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Thursday, March 26, 2015

Wild Forage Cookbook: Wild Game Recipes, Wood Oven Cooking, Garden And Outdoor Adventure!

Wild Forage Cookbook: Wild Game Recipes, Wood Oven Cooking, Garden and Outdoor Adventure! (Volume 1) was a free kindle book when this post was written.

 Anthony Nelson is the publisher of the popular Wild Forage Blog. He started the blog to help demystify the practice of foraging for your own food.

The Wild Forage Cookbook is a compilation of some of the best recipes from his 2014 blog. Anthony is not a professional chef with a degree form a fancy culinary school. He is a home taught cook that loves to experiment with wild game, fresh fish and organically grown vegetables. Anthony will show you how to take these natural ingredients and create delicious meals.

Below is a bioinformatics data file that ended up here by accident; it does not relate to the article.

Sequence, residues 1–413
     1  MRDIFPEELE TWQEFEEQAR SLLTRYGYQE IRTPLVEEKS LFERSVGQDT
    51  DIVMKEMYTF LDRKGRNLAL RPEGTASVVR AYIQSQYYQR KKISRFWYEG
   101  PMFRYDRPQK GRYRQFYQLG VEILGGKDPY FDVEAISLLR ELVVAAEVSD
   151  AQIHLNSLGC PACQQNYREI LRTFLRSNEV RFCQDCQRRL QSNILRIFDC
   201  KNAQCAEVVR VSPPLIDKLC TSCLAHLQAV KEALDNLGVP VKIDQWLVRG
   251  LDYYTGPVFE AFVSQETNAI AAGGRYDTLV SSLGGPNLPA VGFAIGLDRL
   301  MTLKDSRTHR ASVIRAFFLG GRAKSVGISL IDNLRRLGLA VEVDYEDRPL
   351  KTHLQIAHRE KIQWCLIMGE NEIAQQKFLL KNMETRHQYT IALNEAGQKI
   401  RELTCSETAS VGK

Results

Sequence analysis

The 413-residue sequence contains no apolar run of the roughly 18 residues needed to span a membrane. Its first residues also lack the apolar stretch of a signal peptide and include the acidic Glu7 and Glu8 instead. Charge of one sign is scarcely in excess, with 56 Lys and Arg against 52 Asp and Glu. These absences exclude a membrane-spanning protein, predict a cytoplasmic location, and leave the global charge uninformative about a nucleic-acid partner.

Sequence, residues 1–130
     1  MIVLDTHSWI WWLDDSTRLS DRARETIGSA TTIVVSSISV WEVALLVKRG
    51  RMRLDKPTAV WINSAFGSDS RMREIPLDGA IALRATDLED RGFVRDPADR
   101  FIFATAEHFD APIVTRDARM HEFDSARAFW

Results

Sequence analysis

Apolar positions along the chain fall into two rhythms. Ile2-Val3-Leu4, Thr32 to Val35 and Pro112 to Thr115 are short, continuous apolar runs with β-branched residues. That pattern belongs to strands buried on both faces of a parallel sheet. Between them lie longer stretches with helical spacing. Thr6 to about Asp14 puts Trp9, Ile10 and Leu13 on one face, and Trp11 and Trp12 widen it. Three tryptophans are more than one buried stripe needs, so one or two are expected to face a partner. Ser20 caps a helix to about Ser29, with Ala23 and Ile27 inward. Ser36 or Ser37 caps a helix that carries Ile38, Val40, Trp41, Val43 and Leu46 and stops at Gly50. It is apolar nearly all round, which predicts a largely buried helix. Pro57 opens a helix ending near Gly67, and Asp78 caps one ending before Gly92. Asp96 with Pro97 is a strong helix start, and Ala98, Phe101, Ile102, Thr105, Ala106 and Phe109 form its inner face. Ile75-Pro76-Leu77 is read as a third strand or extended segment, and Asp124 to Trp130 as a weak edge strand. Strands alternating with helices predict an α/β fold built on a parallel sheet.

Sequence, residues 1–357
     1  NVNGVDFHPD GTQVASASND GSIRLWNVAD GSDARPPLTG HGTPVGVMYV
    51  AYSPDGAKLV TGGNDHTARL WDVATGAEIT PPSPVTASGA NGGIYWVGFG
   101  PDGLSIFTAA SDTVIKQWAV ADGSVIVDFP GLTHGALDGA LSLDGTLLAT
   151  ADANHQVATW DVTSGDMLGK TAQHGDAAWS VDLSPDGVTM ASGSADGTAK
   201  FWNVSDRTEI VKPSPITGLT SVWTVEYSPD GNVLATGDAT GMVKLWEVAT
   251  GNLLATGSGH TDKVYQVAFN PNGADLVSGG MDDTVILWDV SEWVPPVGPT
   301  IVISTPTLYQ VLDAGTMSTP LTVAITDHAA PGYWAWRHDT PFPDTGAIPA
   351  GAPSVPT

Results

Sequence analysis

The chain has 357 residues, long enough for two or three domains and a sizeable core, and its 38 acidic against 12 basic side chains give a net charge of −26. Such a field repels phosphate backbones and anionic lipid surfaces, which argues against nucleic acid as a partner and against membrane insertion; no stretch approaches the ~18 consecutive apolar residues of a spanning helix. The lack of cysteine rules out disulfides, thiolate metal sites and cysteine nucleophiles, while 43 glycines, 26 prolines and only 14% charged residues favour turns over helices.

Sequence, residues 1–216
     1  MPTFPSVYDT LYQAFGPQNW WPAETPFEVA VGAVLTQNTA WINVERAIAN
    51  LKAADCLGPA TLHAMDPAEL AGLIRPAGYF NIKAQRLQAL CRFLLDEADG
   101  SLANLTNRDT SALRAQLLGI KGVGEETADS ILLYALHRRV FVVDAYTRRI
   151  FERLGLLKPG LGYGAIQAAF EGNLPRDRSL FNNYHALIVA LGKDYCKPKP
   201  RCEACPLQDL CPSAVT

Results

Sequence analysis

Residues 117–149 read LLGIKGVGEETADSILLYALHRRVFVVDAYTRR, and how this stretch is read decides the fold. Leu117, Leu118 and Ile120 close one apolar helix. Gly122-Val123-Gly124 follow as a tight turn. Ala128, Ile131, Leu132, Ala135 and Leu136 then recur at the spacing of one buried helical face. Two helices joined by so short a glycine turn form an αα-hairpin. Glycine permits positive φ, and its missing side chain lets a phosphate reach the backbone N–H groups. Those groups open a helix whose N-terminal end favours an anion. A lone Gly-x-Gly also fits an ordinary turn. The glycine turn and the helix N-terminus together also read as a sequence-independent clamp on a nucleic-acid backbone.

This book contains thirty-four mouthwatering recipes. The preparation of each recipe is explained in detail with pictures to help you through the cooking process. The Wild Forage Cookbook is unique in the fact that it contains more than just recipes. The book includes favorite stories from the field as Anthony fished, hunted, foraged, gardened and learned how to cook using a wood fired oven.

Wild forage is a cookbook that keeps you well fed with both delicious recipes and entertaining tales from the field. After reading the Wild Forage Cookbook, you will feel confident in your abilities to gather wild foods and make a delicious meal!

Saturday, March 21, 2015

How To Survive Anything. 35 Outstanding Prepper's Hacks To Build A Bunker

How To Survive Anything. 35 Outstanding Prepper's Hacks To Build A Bunker: (survival guide, survival shelter, how to survive the end of the world as we ... handbook, how to survive anything, Book 1) was a free kindle book when this post was written.

How To Survive Anything.


35 Outstanding Prepper's Hacks To Build A Bunker